Mosquito Life Cycle: How Long Do They Live?
Mosquitoes are annoying and hazardous due to their disease transmitting bites. Thankfully in the mosquito life cycle, they have a short lifespan.
Mosquitoes have been on earth for around 210 million years. Roughly 3500 species of mosquitoes plague our planet with no end in sight. To understand their lifespan start with the mosquito life cycle.
4 Stages of a Mosquito Life Cycle
Stagnant water is the breeding ground for mosquitoes for laying their eggs. Whether it’s in your yard or your garden, if it remains undisturbed for a couple of weeks, the female mosquito will lay its eggs there.
Mosquito eggs need water for proper development. Initially, eggs are white but will turn black within a day resembling a speck of dirt. In favorable temperatures, eggs will take 1-3 days to hatch, and produce the mosquito larvae.
Mosquito eggs can survive the harshest of winters. The eggs will wait to hatch when outside conditions favor them, even after a whole year.
Female mosquitoes can lay up to 500 eggs in their lifetime.
Larvae are the baby mosquitoes also known as ‘wigglers’ because of their frantic twitching motion in the water. Mosquito larvae feed on microorganisms, algae, and bacteria which are available in aquatic conditions. Larvae are vulnerable during this stage and are at risk of predators like fish and birds.
Cold-bodied mosquitoes require outside heat for their development. So, larvae will mature as quickly as the external heat favors them. Larvae develop within a week or so and continue molting (shed their skin) to develop into pupae. Larvae undergo four molting stages, and by the end of the last stage are around 1/4-inches long.
The pupae stage is the relaxing stage of the mosquito life cycle. In this phase, they don’t do anything except relax and swim around in the water. Just like larvae they live on the surface and take in oxygen through their trumpets. Pupae take almost four days to develop their tissues. They then slit open their cocoon, and emerge as an adult mosquito.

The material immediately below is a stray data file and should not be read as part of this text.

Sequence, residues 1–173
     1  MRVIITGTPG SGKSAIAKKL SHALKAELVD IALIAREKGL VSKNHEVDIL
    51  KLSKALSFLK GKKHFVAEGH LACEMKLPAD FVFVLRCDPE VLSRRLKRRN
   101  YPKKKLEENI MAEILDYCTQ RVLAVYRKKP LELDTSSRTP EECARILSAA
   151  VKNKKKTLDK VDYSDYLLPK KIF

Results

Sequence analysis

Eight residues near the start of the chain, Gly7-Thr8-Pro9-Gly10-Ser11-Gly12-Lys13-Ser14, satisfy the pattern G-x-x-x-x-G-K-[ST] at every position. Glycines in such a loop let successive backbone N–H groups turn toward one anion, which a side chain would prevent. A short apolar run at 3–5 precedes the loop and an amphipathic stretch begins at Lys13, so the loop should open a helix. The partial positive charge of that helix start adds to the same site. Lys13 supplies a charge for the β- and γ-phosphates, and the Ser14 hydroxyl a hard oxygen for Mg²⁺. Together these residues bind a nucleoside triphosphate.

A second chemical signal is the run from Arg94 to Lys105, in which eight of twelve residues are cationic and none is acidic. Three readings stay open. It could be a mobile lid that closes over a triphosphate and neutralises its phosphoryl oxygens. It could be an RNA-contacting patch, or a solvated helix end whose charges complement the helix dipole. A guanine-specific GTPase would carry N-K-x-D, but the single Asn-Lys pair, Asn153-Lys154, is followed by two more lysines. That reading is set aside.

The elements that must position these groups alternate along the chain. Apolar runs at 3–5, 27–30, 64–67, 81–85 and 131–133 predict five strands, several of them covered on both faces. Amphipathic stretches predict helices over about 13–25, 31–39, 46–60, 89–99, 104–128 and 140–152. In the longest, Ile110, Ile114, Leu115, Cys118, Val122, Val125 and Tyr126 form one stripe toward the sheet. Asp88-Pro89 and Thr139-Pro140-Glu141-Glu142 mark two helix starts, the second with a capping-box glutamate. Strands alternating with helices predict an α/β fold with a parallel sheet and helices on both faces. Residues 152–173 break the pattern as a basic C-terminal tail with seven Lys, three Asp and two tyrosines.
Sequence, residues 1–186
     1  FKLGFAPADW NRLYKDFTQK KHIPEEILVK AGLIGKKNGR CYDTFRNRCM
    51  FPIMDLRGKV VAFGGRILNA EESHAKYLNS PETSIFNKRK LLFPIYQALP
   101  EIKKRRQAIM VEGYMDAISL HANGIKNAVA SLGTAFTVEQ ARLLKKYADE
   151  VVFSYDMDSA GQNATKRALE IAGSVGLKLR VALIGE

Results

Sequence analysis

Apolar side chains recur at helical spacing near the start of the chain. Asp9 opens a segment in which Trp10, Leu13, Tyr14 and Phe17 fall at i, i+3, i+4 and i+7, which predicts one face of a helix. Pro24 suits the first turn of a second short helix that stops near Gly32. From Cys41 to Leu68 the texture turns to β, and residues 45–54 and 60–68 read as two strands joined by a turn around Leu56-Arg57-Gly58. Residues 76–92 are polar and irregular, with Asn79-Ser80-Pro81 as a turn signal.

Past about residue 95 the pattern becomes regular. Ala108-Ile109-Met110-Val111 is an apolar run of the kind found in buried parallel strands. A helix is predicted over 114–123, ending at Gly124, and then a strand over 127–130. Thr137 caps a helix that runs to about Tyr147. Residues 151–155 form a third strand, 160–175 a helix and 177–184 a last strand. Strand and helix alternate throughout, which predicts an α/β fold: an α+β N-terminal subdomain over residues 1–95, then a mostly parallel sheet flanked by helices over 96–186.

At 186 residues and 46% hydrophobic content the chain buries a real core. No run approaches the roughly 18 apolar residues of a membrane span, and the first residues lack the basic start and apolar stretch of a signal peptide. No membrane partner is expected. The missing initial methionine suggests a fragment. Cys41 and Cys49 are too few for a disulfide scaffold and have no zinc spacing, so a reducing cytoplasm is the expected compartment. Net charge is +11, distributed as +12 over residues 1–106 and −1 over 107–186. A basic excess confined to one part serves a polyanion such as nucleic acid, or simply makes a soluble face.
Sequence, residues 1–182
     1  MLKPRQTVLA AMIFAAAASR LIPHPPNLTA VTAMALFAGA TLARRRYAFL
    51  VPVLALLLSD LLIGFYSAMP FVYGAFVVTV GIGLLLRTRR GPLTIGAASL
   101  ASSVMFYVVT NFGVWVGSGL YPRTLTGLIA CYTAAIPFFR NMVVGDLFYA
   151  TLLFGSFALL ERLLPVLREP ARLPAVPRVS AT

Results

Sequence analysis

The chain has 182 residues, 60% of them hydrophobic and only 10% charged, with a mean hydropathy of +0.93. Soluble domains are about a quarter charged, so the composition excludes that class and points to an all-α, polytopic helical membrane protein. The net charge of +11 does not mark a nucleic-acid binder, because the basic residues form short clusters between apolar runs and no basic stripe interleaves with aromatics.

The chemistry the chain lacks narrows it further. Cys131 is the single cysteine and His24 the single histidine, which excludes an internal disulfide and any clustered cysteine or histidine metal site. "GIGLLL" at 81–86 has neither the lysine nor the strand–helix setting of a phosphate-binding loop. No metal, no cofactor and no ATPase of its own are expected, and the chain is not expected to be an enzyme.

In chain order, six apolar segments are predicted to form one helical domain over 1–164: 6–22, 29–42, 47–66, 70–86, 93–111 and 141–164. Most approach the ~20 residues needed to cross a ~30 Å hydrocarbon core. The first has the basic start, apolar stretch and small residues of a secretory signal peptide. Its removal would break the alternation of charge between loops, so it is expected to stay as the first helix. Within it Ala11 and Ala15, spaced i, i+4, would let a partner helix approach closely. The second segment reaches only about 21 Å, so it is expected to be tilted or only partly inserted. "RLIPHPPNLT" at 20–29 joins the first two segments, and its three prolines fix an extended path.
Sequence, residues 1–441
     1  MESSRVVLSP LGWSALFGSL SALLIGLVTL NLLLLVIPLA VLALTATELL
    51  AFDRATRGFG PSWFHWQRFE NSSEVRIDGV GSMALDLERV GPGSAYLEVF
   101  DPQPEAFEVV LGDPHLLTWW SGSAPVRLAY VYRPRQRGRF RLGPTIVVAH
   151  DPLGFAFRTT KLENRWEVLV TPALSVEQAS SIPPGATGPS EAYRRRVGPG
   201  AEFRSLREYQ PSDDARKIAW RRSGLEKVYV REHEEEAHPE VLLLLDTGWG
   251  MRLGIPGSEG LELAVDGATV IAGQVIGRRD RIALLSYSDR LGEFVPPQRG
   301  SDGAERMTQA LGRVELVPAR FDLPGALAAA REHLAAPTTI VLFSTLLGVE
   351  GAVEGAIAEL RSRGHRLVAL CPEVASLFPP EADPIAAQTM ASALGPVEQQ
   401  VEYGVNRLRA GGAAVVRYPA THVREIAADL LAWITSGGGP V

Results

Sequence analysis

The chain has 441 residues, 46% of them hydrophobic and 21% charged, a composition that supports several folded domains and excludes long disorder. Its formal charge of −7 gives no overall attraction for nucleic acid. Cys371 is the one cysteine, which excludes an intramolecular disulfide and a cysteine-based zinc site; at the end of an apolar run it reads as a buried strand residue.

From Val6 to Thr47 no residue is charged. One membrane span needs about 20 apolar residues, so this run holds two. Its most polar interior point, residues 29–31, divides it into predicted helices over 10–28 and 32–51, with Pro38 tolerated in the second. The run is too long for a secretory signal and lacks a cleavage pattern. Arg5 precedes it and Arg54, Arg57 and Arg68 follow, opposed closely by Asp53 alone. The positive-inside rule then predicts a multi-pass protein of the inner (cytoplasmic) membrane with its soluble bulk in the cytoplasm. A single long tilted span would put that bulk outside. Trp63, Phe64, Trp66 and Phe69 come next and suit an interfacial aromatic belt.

The only purpose of adult mosquitoes in life is to mate and feed. They mate within a couple of days after coming out of their cocoon. Female mosquitoes mate only once in their life but can lay up to 100 eggs in one batch. Usually, they produce up to three sets of eggs before dying.
Mosquitoes usually feed upon plant nectar, and fruit juices for nourishment. However, females also need protein for the development of their eggs, and they drive the protein from human blood. After a blood meal, female mosquitoes fly away to a warm place and rest there until their eggs are developed. After laying eggs, they fly again to hunt for blood and to nourish another set of eggs.
Life Span of Mosquitoes
The life span of mosquitoes varies between species. Some survive only in summer, and the moment winter arrives they die. Others hibernate in winter and have a longer lifespan. However, eggs of all mosquito species can survive in all weather conditions. Winter has no effect on them and will hatch in the spring after winter is over.
Male mosquitoes die within five days after mating whereas female mosquitoes may live up to a month or two depending on the climate. Despite a short lifespan, the number of mosquitoes never decreases because of the immense reproductive ability of female mosquitoes.***